I agree with Klaus that Smart Clients need another look, as ASP.NET is not the only solution for UI deployment. The P&P book Smart Client Architecture and Design Guide came out in PDF form this week, and I have been reading this with great interest. Take a look:
For myself, I can see several upcoming intranet projects that would better utilize Smart Clients than ASP.NET. I am especially interested in ClickOnce and seeing how Code Access Security (CAS) will play a bigger part in developing secure applications.
As related by Sergey:
At the same time Robert Hensing from PSS Security start blogging with Why you shouldn't be using passwords of any kind on your Windows networks. [subscribed]
Also subscribed to Robert Hensing's blog -- looks like he is already off to a great start!
Fritz Onion, author of the best ASP.NET book Essential ASP.NET, is writing a follow up book called Essential ASP.NET 2.0. Fritz lists some of his thoughts on the best ways to write technically -- I think they could also apply to speaking technically as well. Check out Fritz' post for his great advice. Fritz is also asking for help in how to present the new ASP.NET 2.0 concepts.
Jeff Prosise has an article posted this month in MSDN Magazine on “Foiling Session Hijacking Attempts”. I was talking about this issue with a friend last week, so this is very timely. If you want to protect against session cookie information being stolen from your ASP.NET website, give Jeff's solution a try.
Have you or a friend of yours been hacked? I am referring to the way an attacker can exploit your computer through a missing patch, or an open port that needs to be closed, and essentially now “owns” the machine.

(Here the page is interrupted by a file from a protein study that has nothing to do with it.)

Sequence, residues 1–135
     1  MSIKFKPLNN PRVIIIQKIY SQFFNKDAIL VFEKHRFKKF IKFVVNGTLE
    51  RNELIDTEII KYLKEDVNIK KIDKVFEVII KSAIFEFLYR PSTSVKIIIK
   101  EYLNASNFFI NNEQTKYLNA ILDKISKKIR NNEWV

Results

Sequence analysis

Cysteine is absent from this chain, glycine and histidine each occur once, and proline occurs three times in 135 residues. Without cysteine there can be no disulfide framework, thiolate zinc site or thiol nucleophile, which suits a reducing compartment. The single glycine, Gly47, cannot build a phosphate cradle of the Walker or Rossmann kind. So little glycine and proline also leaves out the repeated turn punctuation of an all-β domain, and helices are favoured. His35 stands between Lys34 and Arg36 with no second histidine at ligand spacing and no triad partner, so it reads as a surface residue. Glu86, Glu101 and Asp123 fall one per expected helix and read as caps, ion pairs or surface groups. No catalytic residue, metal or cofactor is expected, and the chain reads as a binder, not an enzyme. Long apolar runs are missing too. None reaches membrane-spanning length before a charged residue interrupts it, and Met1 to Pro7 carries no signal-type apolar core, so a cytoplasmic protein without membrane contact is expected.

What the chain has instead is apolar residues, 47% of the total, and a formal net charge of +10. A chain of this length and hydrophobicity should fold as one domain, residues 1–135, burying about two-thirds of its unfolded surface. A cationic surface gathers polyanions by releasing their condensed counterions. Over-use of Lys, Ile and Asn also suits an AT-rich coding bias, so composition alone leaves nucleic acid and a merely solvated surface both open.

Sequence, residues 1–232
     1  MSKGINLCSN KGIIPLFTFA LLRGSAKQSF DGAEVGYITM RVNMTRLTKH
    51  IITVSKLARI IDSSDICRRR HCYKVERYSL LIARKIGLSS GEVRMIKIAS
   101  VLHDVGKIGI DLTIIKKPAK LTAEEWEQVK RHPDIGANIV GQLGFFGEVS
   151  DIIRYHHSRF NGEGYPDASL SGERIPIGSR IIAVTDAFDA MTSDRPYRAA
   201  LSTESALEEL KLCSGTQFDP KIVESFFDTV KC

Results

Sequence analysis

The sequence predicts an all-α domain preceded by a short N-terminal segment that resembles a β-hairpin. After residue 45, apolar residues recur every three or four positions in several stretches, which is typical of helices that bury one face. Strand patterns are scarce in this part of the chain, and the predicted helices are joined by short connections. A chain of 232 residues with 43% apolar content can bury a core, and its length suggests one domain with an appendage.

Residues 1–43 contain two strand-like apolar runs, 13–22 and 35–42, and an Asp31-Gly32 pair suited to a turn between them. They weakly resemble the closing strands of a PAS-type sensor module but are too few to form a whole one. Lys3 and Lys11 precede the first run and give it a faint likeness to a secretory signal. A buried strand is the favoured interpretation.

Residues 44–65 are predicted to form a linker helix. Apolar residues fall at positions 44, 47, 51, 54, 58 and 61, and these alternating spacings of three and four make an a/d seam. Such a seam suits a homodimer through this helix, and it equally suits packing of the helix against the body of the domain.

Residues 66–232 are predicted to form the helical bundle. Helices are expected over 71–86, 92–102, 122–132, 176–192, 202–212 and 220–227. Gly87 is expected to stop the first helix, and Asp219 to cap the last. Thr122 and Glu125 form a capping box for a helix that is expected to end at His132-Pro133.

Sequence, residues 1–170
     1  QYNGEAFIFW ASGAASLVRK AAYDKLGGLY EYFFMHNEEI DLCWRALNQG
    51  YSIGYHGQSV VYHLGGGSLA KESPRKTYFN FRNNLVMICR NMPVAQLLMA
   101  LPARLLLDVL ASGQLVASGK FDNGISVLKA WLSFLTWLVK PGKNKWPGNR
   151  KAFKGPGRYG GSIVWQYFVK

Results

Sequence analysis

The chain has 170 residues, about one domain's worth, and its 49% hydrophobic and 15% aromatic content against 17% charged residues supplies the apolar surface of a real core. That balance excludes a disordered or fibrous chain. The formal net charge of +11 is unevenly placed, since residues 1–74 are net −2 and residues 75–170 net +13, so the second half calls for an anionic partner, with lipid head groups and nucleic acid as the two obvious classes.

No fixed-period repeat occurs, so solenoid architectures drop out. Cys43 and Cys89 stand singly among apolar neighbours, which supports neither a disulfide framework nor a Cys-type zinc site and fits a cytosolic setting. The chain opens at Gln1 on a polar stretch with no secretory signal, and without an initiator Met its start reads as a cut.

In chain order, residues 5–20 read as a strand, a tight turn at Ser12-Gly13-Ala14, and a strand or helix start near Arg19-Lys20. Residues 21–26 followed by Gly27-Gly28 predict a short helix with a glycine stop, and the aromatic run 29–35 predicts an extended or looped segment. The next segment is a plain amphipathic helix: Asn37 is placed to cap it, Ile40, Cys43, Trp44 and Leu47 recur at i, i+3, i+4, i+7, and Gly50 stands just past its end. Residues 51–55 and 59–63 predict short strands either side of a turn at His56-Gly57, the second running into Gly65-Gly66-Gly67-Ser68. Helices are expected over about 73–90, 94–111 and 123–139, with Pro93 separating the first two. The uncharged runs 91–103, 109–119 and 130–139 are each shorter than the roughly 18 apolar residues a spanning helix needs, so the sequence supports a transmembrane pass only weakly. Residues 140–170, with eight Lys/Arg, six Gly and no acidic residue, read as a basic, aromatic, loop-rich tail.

The guys over at Bleeping Computer have written a tutorial that will show you how to determine if your Windows NT, XP, or 2000 box is hacked and how you can go about cleaning up the files they may have left behind.
The tutorial shows you how to detect most hacks, but there are other methods that will be much harder to detect and will require a greater degree of knowledge in detecting them. The author believes that most of the hacks that are done in mass, especially by the script kiddies, will be detectable through these methods.
Dana lists the tools mentioned in the article for performing a simple forensic analysis on your Windows system:
- Fport - Lists all open ports (Think nstat like)
- TCPView - Similar to Fport, but graphical, and shows more info such as CLOSED connections (very important post analysis)
- Process Explorer - A great tool from Sysinternals which shows parent/child relationships with processes
- PSTools - A set of cmd line tools used to open and kill processes, control servives, change passwords etc
- Filealyzer - Windows explorer shell extension to your right click on a file
This is great for your friends and family members who may be wondering and asking you this question.
I have posted the Powerpoint slides from my Boston .NET Users Group presentation here on my website. It is very similar to the presentation I gave to the Boston C# User Group in February, with a few modifications. The presentation should also be on the Boston .NET User Group website soon as well.
During the presenation, I asked the question “How many are running their development machines with a non-admin user?”. Unfortunately, I got a few hands out of the 150-200 people in attendance. Some reasons given for why not were: 1) too hard, 2) not everything seems to work (development tools, etc.) while running a non-admin. My thought is more information needs to be made available about the whys, but also how to run as non-admin.
I will be speaking specifically on why and how to do this at WIN-DEV later this year. In the meantime, go read Julie Lerman's summary of Don Kiely's excellent talk given this past Monday on this important topic. Also, read Aaron Margosis' excellent blog posts on this topic as well. The word is getting out there, but I still think more needs to be done.
As mentioned by John Bristowe:
I want to talk about (guess what) Services. Not Indigo, not WSE, not Enterprise Services, not SOAP, not XML. Services. Mindset first, tools later.